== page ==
Brian Sturgeon v. Warden
UNPUBLISHED PER CURIAM OPINION filed. Originating case number: 5:15-cv-04784-HMH. Copies to all parties and the district court/agency. . Mailed to: Brian Sturgeon. [16-7178]
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UNITED STATES COURT OF APPEALS
FOR THE FOURTH CIRCUIT
BRIAN W. STURGEON,
Petitioner - Appellant,
WARDEN, Perry Corr. Inst.,
Respondent - Appellee.
Appeal from the United States District Court for the District of
South Carolina, at Orangeburg.
Henry M. Herlong, Jr., Senior
District Judge. (5:15-cv-04784-HMH)
December 15, 2016
December 20, 2016
Before SHEDD, DUNCAN, and AGEE, Circuit Judges.
Dismissed by unpublished per curiam opinion.
Brian W. Sturgeon, Appellant Pro Se. Donald John Zelenka, Senior
Assistant Attorney General, Sherrie Ann Butterbaugh, OFFICE OF THE
ATTORNEY GENERAL OF SOUTH CAROLINA, Columbia, South Carolina, for
Unpublished opinions are not binding precedent in this circuit.
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Brian W. Sturgeon seeks to appeal the district court’s order
accepting the recommendation of the magistrate judge and denying
relief on his 28 U.S.C. § 2254 (2012) petition.
The order is not
appealable unless a circuit justice or judge issues a certificate
of appealability. 28 U.S.C. § 2253(c)(1)(A) (2012). A certificate
of appealability will not issue absent “a substantial showing of
the denial of a constitutional right.”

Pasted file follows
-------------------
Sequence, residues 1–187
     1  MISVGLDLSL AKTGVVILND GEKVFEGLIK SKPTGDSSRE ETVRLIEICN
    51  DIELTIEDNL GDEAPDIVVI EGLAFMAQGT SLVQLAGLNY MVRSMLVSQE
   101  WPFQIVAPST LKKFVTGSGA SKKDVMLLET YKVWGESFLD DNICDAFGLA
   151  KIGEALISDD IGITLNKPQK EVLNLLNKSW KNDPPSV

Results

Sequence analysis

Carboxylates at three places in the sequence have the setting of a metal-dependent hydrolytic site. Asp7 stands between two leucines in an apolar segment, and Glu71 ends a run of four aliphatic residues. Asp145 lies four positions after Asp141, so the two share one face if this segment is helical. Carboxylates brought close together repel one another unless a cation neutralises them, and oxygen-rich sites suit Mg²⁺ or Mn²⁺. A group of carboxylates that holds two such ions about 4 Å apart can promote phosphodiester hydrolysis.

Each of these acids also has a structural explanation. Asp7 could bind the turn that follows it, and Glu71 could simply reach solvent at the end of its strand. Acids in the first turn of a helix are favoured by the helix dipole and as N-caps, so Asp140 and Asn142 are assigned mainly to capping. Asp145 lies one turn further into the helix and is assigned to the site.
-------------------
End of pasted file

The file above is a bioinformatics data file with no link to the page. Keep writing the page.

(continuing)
28 U.S.C. § 2253(c)(2)
When the district court denies relief on the merits, a
prisoner satisfies this standard by demonstrating that reasonable
jurists would find that the district court’s assessment of the
constitutional claims is debatable or wrong.
Slack v. McDaniel,
529 U.S. 473, 484 (2000); see Miller-El v. Cockrell, 537 U.S. 322,
336-38 (2003). When the district court denies relief on procedural
grounds, the prisoner must demonstrate both that the dispositive
procedural ruling is debatable, and that the petition states a
debatable claim of the denial of a constitutional right.
529 U.S. at 484-85.
We have independently reviewed the record and conclude that
Sturgeon has not made the requisite showing.
Accordingly, we deny
a certificate of appealability and dismiss the appeal. We dispense
with oral argument because the facts and legal contentions are
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argument would not aid the decisional process.
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